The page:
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These LGBTQ lawmakers want to make their states a refuge for trans kids

On Tuesday, lawmakers introduced a plan to create what some are calling a “rainbow wall”

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For the past few months, Colorado state Rep. Brianna Titone (D) has kept a close eye on the bills neighboring states have been proposing — bills that aim to curb the rights of transgender children from participating in youth sports, accessing bathrooms and getting gender-affirming health care.

There’s Arizona, Oklahoma and Utah, which all passed laws barring trans kids — with a focus on girls, in particular — from playing on teams that align with their gender identity. In Kansas, a similar bill passed the state Senate, but was vetoed by Democratic Gov. Laura Kelly. And in Idaho, lawmakers sought to criminalize the act of seeking gender-affirming care out of state.

An Idaho bill would criminalize medical treatments for trans youths. It echoes abortion bans.

Then there’s Texas, where earlier this year, Gov. Greg Abbott (R) directed child welfare services to investigate gender-affirming care for children as “child abuse.”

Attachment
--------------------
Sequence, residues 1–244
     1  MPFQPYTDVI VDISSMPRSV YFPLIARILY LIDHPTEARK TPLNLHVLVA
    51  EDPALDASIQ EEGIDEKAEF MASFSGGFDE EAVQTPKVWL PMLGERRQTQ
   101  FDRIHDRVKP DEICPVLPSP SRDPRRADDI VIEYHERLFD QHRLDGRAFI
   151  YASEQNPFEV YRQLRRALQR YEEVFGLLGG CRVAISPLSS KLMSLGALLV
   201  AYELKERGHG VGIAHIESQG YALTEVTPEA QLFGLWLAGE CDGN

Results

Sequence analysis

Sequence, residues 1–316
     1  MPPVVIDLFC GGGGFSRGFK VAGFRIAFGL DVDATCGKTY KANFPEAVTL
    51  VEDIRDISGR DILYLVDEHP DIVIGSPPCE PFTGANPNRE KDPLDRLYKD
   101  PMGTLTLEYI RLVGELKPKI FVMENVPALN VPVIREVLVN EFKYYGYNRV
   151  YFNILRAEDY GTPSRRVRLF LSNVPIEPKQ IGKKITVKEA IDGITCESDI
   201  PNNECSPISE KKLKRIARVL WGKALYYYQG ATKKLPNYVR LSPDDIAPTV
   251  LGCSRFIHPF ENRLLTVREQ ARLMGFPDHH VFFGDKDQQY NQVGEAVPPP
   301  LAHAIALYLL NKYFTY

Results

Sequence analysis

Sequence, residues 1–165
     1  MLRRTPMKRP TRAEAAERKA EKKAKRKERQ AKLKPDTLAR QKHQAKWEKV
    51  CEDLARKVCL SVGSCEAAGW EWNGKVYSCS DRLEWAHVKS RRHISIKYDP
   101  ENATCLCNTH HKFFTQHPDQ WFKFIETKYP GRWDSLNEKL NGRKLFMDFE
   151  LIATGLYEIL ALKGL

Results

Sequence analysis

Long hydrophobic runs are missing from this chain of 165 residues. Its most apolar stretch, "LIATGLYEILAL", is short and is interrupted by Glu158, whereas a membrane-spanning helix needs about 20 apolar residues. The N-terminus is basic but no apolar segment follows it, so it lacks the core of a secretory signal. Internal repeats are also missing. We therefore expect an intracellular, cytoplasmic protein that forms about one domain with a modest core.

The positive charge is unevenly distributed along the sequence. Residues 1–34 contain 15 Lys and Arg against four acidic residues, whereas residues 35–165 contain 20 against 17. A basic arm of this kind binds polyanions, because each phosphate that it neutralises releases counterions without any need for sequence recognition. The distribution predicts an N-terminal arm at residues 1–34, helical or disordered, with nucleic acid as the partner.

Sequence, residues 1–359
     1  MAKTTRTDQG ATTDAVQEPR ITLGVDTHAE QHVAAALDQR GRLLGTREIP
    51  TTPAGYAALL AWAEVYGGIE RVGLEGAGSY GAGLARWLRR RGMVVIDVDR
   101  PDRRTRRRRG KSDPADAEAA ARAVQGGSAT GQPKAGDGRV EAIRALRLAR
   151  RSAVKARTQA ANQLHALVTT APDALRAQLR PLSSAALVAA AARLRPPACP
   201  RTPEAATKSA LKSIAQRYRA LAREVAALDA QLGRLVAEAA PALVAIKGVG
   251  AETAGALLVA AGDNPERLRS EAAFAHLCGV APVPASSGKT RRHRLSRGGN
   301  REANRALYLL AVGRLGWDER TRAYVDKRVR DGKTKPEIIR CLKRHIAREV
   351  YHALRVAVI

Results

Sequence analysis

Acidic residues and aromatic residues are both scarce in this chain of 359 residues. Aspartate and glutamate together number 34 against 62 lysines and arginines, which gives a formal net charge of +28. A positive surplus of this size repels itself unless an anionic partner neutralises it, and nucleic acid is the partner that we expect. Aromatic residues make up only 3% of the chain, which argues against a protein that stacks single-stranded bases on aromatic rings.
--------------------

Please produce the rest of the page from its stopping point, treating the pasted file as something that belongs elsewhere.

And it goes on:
“I’ve been getting referrals from people in different states, especially Texas, because they feel like they can’t live there anymore,” Titone said.

Colorado, unlike many of the states encircling it, has moved to advance LGBTQ rights in recent years: a “blue state in a sea of red,” Titone said. But that’s not enough, she said: “We need to work to support people outside of Colorado.”

On Tuesday, Titone joined a group of LGBTQ legislators across the country who announced plans to offer refuge to transgender youth and their families amid an unprecedented wave of anti-LGBTQ legislation, much of it directed toward trans kids.

Legislators say the effort was inspired by “sanctuary” laws that have similarly shielded undocumented immigrants, and, more recently, those seeking abortions from states where that care has been restricted and/or criminalized.